So, here's the part that raises my blood pressure.  While my uncle was on the phone asking about what was going on and why they weren't invited, my aunt was in her car driving over to my parents house.  In the heat of her anger, she assumed that my mom was preventing me from having a relationship with her.  Her choice of names for my mother was (to be polite) unacceptable and the fact that she had to be told emphatically to get out of the house is troubling.  Be hurt, be angry, but don't forget yourself and lose control.  I live in a peaceful world, a peaceful house with people who are loving.  Sure, there are frustrations, but we do not scream and call each other names that rhyme with "sticking finch".    I don't want Lucy exposed to that within the comfort of her own family and I don't want her to think it is ever acceptable to refer to anyone in the family in those terms.  You can disagree, and even dislike members of your family, but disrespecting them in their own home is ... trashy.   Furthermore, the idea that at the age of 43, that my mom has any power whatsoever to prohibit me from having a relationship with anyone I want is preposterous.  It's laughable, I think Jason snorted milk through his nose at the idea that I could be "controlled".   I took it as a compliment that I'm a confident, self-assured woman and not a bull-headed, moose who does what I want regardless of rational thought.  Don't correct me, I like the way I'm looking at it.

My uncle asked me to reach out to my aunt to apologize for the invitation oversight and maybe suggest times we could get together (in neutral territory.)  I agreed, but that was before I knew about the drama at my parents house.  I've been mulling over a response and it isn't very "come visit!" or "let's meet for dinner".   They are 100% entitled to not like or spend time with anyone they like, but the same is true for me.  Furthermore, just as I'm not inclined to expose Lucy to the nuttiness that are the "angry cousins" I'm not inclined to give her lots of time with people who openly express anger towards her Grandmother.  (And by lots, you know I mean none....)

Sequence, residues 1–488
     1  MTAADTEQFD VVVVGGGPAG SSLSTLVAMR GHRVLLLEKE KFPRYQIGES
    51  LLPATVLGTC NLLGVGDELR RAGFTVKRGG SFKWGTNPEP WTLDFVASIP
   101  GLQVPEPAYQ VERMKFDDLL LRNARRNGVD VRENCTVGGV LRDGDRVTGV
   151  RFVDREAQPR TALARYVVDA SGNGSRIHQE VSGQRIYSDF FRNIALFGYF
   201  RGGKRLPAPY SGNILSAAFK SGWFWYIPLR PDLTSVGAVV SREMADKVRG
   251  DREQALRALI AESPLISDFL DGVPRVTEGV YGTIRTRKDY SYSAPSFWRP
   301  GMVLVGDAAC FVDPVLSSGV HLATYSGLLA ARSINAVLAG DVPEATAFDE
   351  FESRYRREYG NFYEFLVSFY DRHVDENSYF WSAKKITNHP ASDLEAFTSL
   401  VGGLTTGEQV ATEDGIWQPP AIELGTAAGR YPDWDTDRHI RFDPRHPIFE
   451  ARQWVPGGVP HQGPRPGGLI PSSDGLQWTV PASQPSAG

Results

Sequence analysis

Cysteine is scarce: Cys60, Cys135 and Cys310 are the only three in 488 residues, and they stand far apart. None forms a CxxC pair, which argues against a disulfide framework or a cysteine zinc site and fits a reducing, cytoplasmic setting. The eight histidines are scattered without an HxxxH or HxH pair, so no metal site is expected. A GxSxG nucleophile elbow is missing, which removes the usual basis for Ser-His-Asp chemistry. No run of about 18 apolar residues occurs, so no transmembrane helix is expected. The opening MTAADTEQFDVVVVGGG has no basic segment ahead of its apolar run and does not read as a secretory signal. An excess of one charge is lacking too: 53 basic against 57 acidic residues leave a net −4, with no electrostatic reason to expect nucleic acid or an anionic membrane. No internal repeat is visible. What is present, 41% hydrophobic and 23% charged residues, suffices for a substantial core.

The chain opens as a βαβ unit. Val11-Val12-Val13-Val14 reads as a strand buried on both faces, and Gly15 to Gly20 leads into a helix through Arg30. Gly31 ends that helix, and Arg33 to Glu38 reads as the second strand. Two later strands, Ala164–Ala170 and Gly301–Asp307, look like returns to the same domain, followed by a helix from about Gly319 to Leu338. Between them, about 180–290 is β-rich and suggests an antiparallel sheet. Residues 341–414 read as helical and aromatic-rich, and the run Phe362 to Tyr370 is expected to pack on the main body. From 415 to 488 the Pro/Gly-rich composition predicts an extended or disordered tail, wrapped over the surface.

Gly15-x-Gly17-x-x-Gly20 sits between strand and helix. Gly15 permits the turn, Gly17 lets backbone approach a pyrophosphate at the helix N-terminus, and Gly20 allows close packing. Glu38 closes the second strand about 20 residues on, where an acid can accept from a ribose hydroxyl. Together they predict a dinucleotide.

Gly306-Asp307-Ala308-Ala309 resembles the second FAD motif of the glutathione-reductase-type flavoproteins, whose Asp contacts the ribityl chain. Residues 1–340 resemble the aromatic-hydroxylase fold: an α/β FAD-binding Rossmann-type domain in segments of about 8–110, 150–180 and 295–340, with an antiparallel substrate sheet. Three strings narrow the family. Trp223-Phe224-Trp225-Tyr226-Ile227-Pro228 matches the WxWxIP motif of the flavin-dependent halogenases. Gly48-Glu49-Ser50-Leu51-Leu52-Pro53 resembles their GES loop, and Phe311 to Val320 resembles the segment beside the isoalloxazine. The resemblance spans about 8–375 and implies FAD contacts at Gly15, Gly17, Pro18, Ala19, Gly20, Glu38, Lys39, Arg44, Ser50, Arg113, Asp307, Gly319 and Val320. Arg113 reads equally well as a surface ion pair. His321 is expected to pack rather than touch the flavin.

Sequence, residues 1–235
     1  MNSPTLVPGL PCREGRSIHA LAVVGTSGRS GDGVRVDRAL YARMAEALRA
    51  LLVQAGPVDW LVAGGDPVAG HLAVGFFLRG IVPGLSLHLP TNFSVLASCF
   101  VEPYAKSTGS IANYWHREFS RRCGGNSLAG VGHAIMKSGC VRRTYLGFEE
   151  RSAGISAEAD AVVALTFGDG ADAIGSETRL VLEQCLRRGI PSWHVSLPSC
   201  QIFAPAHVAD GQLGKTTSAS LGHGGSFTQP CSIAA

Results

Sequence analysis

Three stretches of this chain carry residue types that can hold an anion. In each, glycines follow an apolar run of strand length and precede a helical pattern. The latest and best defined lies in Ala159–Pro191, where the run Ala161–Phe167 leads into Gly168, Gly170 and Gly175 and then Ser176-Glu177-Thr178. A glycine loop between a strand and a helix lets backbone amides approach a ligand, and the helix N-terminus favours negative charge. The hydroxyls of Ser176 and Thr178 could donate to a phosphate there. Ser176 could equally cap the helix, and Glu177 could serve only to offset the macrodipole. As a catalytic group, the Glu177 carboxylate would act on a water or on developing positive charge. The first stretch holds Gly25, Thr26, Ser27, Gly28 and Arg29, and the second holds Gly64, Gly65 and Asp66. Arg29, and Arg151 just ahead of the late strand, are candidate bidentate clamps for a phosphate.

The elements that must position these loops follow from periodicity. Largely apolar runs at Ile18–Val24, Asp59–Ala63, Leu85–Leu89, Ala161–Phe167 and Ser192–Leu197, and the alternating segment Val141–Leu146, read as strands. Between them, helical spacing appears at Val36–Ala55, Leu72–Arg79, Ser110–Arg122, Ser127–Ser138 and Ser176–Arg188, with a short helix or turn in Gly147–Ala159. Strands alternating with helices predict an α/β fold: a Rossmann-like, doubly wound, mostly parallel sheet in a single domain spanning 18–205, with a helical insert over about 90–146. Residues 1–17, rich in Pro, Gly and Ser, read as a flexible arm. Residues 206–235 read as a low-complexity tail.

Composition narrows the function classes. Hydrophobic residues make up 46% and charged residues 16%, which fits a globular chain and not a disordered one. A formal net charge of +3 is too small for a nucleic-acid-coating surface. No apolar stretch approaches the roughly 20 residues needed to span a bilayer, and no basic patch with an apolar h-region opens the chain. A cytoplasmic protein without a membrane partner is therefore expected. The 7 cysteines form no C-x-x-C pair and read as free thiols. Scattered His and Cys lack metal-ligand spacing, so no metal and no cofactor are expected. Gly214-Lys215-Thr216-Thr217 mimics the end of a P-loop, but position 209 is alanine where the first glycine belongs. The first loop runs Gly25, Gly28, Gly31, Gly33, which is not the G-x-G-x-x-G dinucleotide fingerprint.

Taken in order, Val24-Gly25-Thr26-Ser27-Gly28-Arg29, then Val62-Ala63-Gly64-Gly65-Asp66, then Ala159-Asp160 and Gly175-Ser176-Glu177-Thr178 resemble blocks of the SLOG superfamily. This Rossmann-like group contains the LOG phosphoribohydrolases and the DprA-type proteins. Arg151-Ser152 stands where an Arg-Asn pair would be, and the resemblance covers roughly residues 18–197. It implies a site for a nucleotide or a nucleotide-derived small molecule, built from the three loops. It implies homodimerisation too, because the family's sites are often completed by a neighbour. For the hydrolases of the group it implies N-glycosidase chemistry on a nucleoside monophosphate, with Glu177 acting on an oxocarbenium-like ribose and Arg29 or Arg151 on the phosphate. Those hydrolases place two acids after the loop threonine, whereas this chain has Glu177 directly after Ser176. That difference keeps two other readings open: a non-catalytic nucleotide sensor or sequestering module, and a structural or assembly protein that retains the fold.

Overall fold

Life is too short to be spent being angry with each other, but if that's the path you're on, I can't stop you, but I can keep your angry energy out of my home.  Tragedy and sadness will come regardless of what I do, but our daily life can be peaceful and happy, so that when we're touched by the hard things in life we have a solid foundation to rely on.  (Is that too Zen for you?)

Anyway, I'm thinking if I respond to my aunt that an open letter to all the sisters is in order.  There's a lot of re-interpretation that happens among themselves and I'd rather be an open book than open for paraphrasing.

We'll see.  My next step is to write a letter, share it with my sane partner and then decide what to do.

1 comment:

Anonymous said...

Nothing good has ever come of an open letter. Most often the recipient will interpret the "open" part as a suggestion that he or she can't be trusted, or that you are really wanting to curry favor with others who normally would not be party to a letter on a private topic. Plus, sending this open letter will really take the wind out of your Festivus celebrations. Ask yourself if this can't really just be left to "fester until Festivus"?

Whatever you decide to do, by all means shield the child from any exposure to any of it. Children's little brains are easily damaged by exposure to the unpleasant things in the world.